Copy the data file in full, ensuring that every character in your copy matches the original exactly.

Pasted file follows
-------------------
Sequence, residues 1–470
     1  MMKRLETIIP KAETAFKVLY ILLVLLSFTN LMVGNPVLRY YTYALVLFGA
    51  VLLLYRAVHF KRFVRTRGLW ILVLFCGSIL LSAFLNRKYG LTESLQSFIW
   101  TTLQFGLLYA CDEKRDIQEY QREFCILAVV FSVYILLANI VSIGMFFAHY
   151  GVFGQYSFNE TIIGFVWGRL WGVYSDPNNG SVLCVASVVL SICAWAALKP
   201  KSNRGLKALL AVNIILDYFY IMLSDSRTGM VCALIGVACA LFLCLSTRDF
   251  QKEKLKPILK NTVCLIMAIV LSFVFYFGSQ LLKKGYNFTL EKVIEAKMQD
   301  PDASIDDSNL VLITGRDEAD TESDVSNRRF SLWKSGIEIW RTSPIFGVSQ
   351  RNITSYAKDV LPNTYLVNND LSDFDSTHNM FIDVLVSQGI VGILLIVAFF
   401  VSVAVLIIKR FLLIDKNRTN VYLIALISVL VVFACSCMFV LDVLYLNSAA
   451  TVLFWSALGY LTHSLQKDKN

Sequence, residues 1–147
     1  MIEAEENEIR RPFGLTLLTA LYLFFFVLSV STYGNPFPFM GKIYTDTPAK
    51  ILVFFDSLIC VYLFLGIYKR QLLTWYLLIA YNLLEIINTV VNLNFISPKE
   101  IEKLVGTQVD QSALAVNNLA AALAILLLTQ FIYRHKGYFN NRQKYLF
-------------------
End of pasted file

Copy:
Sequence, residues 1–470
     1  MMKRLETIIP KAETAFKVLY ILLVLLSFTN LMVGNPVLRY YTYALVLFGA
    51  VLLLYRAVHF KRFVRTRGLW ILVLFCGSIL LSAFLNRKYG LTESLQSFIW
   101  TTLQFGLLYA CDEKRDIQEY QREFCILAVV FSVYILLANI VSIGMFFAHY
   151  GVFGQYSFNE TIIGFVWGRL WGVYSDPNNG SVLCVASVVL SICAWAALKP
   201  KSNRGLKALL AVNIILDYFY IMLSDSRTGM VCALIGVACA LFLCLSTRDF
   251  QKEKLKPILK NTVCLIMAIV LSFVFYFGSQ LLKKGYNFTL EKVIEAKMQD
   301  PDASIDDSNL VLITGRDEAD TESDVSNRRF SLWKSGIEIW RTSPIFGVSQ
   351  RNITSYAKDV LPNTYLVNND LSDFDSTHNM FIDVLVSQGI VGILLIVAFF
   401  VSVAVLIIKR FLLIDKNRTN VYLIALISVL VVFACSCMFV LDVLYLNSAA
   451  TVLFWSALGY LTHSLQKDKN

Sequence, residues 1–147
     1  MIEAEENEIR RPFGLTLLTA LYLFFFVLSV STYGNPFPFM GKIYTDTPAK
    51  ILVFFDSLIC VYLFLGIYKR QLLTWYLLIA YNLLEIINTV VNLNFISPKE
   101  IEKLVGTQVD QSALAVNNLA AALAILLLTQ FIYRHKGYFN NRQKYLF